During the Edo period (1603–1868) Japanese travelers could be found wearing a small carrying case known as inrō. Literally meaning “seal basket” (印籠), inrō were used to store important items like medicine or one’s personal seal for stamping documents. Production of these utilitarian objects of lacquer, wood, or ivory developed into the trade of highly skilled craftsman.
The combination of scale, utility, design, and craftsmanship makes inrō compelling artifacts of Japanese mobility. That they also served to transport small, valuable goods gives the object a kind of special presence along a journey. I thought it would be interesting to create my own version of inrō, drawing from the formal properties of crystal, which also has its own talismanic quality.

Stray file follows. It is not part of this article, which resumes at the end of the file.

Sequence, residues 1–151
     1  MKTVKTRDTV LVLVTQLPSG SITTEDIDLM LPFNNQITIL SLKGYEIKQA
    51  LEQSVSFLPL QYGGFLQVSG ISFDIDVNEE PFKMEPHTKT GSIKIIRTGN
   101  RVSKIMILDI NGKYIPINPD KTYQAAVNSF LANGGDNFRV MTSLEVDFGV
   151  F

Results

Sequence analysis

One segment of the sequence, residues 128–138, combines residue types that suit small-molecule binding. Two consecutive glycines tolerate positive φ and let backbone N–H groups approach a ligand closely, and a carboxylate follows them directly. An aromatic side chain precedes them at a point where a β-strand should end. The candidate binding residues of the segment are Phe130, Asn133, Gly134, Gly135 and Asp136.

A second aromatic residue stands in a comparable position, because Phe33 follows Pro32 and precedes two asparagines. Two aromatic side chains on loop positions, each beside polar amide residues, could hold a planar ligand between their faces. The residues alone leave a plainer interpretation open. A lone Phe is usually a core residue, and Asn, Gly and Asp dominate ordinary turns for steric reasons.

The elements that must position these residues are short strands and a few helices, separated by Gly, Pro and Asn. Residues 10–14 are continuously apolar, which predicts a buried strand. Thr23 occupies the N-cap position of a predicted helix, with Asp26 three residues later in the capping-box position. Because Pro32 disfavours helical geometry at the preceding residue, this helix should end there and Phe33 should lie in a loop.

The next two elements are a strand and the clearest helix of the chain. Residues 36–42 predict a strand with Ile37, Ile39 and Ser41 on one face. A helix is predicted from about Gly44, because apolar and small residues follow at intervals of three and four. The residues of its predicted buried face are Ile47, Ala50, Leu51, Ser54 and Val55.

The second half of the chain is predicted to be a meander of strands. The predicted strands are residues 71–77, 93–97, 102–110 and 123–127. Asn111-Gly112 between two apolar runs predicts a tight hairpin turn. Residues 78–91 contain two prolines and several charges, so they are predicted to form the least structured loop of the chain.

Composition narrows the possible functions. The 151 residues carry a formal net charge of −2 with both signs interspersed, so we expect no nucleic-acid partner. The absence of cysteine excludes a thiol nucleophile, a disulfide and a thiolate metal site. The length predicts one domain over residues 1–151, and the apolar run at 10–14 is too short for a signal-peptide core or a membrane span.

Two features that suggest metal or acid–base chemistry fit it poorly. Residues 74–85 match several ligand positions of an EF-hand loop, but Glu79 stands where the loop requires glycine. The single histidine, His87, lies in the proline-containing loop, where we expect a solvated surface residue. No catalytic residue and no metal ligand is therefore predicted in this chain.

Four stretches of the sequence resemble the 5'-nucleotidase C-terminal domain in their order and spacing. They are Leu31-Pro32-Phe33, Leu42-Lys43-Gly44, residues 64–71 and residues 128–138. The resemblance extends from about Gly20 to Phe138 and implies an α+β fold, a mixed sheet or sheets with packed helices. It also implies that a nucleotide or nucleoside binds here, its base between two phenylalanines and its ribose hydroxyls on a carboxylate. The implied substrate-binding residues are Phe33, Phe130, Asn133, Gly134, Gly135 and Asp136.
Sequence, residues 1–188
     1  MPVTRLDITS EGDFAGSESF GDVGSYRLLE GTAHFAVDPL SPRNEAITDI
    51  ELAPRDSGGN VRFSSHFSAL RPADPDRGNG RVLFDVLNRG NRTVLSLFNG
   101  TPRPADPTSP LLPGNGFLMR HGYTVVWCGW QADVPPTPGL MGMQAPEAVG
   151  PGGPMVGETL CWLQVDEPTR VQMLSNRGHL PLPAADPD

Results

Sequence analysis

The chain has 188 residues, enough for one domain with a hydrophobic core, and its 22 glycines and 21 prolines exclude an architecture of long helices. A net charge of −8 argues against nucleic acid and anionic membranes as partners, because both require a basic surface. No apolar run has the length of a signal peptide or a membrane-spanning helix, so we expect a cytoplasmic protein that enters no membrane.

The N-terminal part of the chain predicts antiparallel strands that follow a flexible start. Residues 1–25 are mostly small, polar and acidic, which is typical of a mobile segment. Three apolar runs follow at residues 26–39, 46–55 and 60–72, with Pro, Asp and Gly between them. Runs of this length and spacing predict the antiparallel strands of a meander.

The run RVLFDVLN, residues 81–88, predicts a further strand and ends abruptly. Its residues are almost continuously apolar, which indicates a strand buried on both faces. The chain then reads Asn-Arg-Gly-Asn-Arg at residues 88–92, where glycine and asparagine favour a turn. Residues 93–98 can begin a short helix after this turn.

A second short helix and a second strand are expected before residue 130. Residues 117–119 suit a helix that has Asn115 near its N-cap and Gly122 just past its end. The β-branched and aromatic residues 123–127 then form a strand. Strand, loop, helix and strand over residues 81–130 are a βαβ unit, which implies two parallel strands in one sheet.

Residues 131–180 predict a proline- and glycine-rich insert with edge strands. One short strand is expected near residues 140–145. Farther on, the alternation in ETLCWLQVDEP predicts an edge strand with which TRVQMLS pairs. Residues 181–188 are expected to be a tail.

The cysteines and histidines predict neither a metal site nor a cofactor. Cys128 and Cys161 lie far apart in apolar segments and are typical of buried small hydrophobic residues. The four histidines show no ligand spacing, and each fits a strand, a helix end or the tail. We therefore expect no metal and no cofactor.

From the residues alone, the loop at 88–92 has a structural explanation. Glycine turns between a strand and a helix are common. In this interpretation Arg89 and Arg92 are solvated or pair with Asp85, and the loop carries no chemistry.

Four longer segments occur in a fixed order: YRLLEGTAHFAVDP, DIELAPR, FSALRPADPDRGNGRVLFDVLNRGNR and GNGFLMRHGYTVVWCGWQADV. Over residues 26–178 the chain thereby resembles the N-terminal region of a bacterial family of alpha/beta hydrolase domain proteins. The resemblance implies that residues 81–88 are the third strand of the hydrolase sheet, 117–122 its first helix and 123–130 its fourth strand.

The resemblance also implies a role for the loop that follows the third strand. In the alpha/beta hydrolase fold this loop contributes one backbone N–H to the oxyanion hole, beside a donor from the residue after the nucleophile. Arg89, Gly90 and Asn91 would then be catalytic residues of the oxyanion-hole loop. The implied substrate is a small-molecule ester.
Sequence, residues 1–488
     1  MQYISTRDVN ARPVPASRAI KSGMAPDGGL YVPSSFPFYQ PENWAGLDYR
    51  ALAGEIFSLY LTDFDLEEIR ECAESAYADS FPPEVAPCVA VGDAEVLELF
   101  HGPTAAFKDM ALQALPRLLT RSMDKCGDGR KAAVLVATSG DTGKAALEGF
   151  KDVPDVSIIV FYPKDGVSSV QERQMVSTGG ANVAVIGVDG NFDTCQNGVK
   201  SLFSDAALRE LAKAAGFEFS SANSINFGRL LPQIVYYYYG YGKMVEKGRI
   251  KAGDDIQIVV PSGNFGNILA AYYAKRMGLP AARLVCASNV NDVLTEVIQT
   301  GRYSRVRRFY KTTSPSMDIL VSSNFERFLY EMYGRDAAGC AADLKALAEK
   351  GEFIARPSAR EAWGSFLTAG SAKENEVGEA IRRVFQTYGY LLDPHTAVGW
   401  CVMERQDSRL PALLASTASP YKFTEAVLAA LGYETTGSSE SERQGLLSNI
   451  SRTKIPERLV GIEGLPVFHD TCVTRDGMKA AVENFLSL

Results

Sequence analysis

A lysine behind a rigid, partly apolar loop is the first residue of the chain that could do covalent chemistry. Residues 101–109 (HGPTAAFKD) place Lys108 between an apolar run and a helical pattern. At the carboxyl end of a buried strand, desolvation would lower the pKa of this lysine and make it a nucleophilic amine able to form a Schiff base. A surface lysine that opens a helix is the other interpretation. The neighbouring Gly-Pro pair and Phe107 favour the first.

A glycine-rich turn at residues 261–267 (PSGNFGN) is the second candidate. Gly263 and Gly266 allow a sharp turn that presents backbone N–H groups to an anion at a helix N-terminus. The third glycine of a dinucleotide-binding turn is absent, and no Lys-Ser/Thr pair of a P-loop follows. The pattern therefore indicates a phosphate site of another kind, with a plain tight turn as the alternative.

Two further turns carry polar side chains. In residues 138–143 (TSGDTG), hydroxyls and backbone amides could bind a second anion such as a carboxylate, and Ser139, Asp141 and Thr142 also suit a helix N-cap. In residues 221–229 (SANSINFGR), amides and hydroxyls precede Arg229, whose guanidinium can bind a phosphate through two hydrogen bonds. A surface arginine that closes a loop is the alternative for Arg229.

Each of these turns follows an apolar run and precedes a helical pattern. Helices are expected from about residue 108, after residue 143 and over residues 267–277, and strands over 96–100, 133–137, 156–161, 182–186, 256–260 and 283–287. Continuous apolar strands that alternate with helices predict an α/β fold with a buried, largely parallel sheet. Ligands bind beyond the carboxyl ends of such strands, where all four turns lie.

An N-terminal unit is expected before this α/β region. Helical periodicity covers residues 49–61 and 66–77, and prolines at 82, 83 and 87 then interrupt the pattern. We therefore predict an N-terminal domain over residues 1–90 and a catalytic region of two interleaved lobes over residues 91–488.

I designed the object in CAD software to be printed three dimensionally at NYU’s Advanced Media Studio. This additive manufacturing process involves a computer-controlled laser beam that hardens a liquid polymer as the structure is built up in layers. Here is a wireframe view of the inrō.
When printing is complete, the piece is fragile and needs to be infiltrated with a special epoxy. After infiltrate is applied it can be handled as normal. Two versions of this intial prototype were made. The first is bone white—essentially as it came from the printer—and the second is painted with black enamel.
What would you keep inside an inrō?